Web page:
CZ EN
SEARCH  

Taxon profile

subspecies

Emirati Blind Cave Fish
Garra barreimiae wurayahi Khalaf, 2009

kingdom Animalia - animals »  phylum Chordata - chordates »  class Actinopterygii - ray-finned fishes »  order Cypriniformes »  family Cyprinidae - minnows and carps »  genus Garra - garras »  species Garra barreimiae

Other names

= Wadi Al Wurayah Blind Cave Fish

Taxon in country check-lists

Taxonomy

The new subspecies was named "Garra barreimiae wurayahi Khalaf, 2009" in June 2009 by the Palestinian-German zoologist Dr. Norman Ali Khalaf-von Jaffa. The subspecies name "wurayahi" is Latin for Wadi Al Wurayah.

Size

The Emirati Blind Cave Fish have a small size. Young specimens are 1-4 centimeters, and adults are 4.5–7 centimeters.

Description

There are four Garra barreimiae subspecies living in the Arabian Peninsula: The two Omani Blind Cave Fish subspecies Garra barreimiae barreimiae Fowler & Steinitz, 1956, from Al Buraimi Oasis; and Garra barreimiae gallagheri Krupp, 1988, from Seeq and Wadi Bani Khalid north of Muqal; and the two Emirati Blind Cave Fish subspecies Garra barreimiae shawkahensis Banister and Clarke, 1977, from Wadi Shawkah, Emirate of Ras Al Khaimah; and the newly discovered Garra barreimiae wurayahi Khalaf, 2009, from Wadi Al Wurayah, Emirate of Fujairah, United Arab Emirates.

Garra barreimiae, named after the Al Buraimi Oasis, Oman, is by far the most common native freshwater fish species found in the United Arab Emirates. In many wadis Garra barreimiae is the only fish present. The Wadi Al Wurayah subspecies Garra barreimiae wurayahi Khalaf, 2009, lives in the pools of Wadi Al Wurayah, Emirate of Fujairah, United Arab Emirates. They are mottled brown in colour, typically dark but varying somewhat with the surroundings. Larger adults sometimes show more colourful red, white or blue markings, probably related to breeding status.

Ecology

Garra barreimiae wurayahi has a behavioural tendency to explore upstream, which probably facilitates dispersal when the wadis flow. Smaller adults have been observed to climb several meters up waterfalls, using the wet surface of the splash zone adjacent to the main flow of water, sometimes wriggling, sometimes jetting forward, resting periodically with pectoral fins spread, the mouth plate engaged for suction, and the tail twisted and pressed flat against the rock.

They feed on detritus and algae and have a specialized mouth plate that functions as a suction device. They resemble aquarium catfish as they nuzzle their way over gravel and rock surfaces, but they dart about frantically when approached in shallow pools where they are vulnerable to terrestrial and avian predators.

Little is known about the life history of Garra barreimiae in the wild. Several anecdotal reports exist of the release of eggs and sperm during transport of specimens, provoking speculation that spawning may be triggered by turbulence, mimicking that of a wadi in spate. G. barreimiae will cannibalize its own eggs if conditions permit. Experiments have shown that G. barreimiae can tolerate water temperatures up to ca. 40ºC (104ºF) and salinity up to one-third that of sea water, but they usually live in water temperature between 18°C - 24°C, and pH range: 6.5 - 7.5; and dH range: 10 – 20.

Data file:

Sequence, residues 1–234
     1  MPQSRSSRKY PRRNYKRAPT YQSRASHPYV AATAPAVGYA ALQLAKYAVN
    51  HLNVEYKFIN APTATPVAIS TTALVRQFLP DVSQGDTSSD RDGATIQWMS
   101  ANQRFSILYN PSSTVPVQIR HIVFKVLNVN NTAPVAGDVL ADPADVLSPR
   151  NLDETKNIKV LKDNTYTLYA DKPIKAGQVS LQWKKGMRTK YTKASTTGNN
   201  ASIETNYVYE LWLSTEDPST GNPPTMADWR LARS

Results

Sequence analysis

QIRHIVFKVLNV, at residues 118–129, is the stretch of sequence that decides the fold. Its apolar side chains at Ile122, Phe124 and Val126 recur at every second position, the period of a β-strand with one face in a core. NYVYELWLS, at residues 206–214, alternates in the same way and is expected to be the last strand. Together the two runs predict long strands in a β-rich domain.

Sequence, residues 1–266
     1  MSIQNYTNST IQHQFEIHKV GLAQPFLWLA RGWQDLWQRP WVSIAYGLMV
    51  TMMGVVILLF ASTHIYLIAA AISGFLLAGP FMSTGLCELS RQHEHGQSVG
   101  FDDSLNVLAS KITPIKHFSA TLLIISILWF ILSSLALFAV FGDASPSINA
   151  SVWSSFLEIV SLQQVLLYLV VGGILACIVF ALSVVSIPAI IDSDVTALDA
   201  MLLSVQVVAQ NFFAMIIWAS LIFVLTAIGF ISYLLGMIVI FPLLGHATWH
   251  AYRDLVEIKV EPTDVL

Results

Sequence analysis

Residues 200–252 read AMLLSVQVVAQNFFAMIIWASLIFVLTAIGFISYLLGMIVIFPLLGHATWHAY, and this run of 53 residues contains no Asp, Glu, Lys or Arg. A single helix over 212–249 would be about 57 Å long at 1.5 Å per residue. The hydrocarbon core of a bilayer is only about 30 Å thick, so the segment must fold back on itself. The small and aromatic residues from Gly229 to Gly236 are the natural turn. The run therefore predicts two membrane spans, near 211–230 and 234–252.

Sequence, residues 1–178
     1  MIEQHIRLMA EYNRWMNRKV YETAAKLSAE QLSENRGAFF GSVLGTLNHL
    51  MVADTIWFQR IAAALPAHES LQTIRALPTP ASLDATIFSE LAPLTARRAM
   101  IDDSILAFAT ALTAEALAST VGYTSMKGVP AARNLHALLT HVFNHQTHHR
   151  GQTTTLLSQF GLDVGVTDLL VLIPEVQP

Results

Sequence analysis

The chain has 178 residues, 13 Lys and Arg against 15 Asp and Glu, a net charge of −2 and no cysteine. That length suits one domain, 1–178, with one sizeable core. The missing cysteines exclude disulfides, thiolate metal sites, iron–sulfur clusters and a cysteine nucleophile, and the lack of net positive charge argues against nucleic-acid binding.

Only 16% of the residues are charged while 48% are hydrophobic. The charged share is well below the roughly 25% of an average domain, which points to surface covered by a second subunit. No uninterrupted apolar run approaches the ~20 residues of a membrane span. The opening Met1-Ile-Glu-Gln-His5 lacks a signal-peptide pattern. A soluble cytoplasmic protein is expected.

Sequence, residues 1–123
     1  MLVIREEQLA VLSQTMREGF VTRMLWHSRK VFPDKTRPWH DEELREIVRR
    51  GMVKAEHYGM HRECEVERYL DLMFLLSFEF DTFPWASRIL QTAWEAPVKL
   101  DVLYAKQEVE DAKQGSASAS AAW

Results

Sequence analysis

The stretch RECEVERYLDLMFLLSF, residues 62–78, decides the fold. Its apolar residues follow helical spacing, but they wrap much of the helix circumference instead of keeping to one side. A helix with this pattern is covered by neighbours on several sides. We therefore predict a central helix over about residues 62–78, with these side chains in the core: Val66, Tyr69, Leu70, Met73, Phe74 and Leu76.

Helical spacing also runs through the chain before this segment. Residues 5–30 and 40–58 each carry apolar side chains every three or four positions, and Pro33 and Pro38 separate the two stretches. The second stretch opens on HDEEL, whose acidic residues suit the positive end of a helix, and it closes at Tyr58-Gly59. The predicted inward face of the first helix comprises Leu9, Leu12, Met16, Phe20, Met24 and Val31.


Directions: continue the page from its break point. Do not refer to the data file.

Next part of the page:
Distribution

Garra barreimiae is endemic to Bahrain, United Arab Emirates and northern Oman. Separate subspecies have been recognized on the east and west flanks of the Hajar Mountains, respectively. The subspecies Garra barreimiae wurayahi is endemic to Wadi Al Wurayah, Emirate of Fujairah, United Arab Emirates. The genus Garra is known from East Africa to South Asia and several other Garra species are endemic to the mountains of south-western Arabia, but the closest relatives of Garra barreimiae is thought to be the newly discovered Omani Garra smarti, and the Irani Garra persica, which is widespread in southern Iran.

Importance

The Emirati Blind Cave Fish and the Locals:
Garra barreimiae wurayahi is caught and eaten by human residents of the Hajar Mountains, even today. The normal technique employs a V-shaped stone dam to channel the fish onto a portable sieve-like platform made from palm ribs, wire mesh or nylon netting. This can be very effective, eliminating all but the very smallest fish in the area, but only G. barreimiae is taken for food, even when other species are present.

Sources

Khalaf-Sakerfalke von Jaffa, Dr.Sc. Norman Ali Bassam Ali Taher (2009). Garra barreimiae wurayahi Khalaf, 2009 : A New Blind Cave Fish Subspecies from Wadi Al Wurayah Pools, Emirate of Fujairah, United Arab Emirates. Gazelle: The Palestinian Biological Bulletin. Number 90, June 2009, Jumada Al-Akhera 1430 AH. pp. 1-15. Sharjah, United Arab Emirates.

http://emirati-blind-cave-fish.webs.com/

Links and literature

Khalaf-Sakerfalke von Jaffa, Dr.Sc. Norman Ali Bassam Ali Taher (2009). Garra barreimiae wurayahi Khalaf, 2009 : A New Blind Cave Fish Subspecies from Wadi Al Wurayah Pools, Emirate of Fujairah, United Arab Emirates. Gazelle: The Palestinian Biological Bulletin. Number 90, June 2009, Jumada Al-Akhera 1430 AH. pp. 1-15. Sharjah, United Arab Emirates. http://emirati-blind-cave-fish.webs.com/

Contributions to BioLib

Help us to expand this encyclopedia! If you are logged in, you can add new subtaxa, vernacular and scientific names, texts, images or intertaxon relationships for this taxon.

Comments